Anna Wong, Mark Berlin & Paul Jonathan Saguil
Do you see yourself reflected in the Canadian judiciary? For many in our increasingly diverse society and profession, the answer is “no”.
There is a glaring gap of diversity among our judges. According to a 2012 study by Ryerson University’s Diversity Institute, only 2.3 percent of federally appointed judges (i.e., on provincial superior and appellate courts) are people of colour. A similar survey conducted by The Globe and Mail revealed that only a small handful of judicial appointments by the federal government since 2009 were from equity-seeking communities. There is no visible minority representation on the Supreme Court of Canada. While Ontario has fared somewhat better in that 10.9 percent of the provincial government’s appointees are visible minorities, this is nonetheless out of step with the diversity of a province where, as of 2006, visible minorities accounted for 22.8 percent of the population.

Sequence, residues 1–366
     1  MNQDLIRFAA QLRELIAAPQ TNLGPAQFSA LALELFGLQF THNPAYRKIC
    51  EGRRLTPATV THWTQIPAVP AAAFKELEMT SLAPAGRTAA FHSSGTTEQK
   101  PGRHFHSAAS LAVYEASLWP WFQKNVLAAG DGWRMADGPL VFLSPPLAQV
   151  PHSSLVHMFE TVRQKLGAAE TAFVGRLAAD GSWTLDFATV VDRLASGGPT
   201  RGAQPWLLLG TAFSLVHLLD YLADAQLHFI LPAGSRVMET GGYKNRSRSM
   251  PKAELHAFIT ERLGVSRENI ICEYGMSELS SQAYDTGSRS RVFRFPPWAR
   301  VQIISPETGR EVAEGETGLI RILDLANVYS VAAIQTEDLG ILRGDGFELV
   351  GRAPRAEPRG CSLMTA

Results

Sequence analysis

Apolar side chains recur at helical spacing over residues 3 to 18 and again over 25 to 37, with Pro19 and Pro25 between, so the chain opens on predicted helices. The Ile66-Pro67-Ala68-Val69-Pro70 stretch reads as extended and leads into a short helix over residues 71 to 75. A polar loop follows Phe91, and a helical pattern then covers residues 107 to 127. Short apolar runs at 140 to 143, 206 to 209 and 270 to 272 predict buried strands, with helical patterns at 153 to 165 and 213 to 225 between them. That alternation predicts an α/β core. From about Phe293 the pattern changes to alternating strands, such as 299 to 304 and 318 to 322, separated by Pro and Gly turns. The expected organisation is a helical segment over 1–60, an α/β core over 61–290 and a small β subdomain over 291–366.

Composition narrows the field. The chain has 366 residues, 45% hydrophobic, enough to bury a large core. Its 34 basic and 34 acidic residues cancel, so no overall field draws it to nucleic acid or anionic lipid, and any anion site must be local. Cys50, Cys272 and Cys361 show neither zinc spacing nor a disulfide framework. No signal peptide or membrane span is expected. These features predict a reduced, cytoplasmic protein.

Read the rest at JUST. Magazine.
JUST. Magazine, October 2013
Diversity Gap on the Bench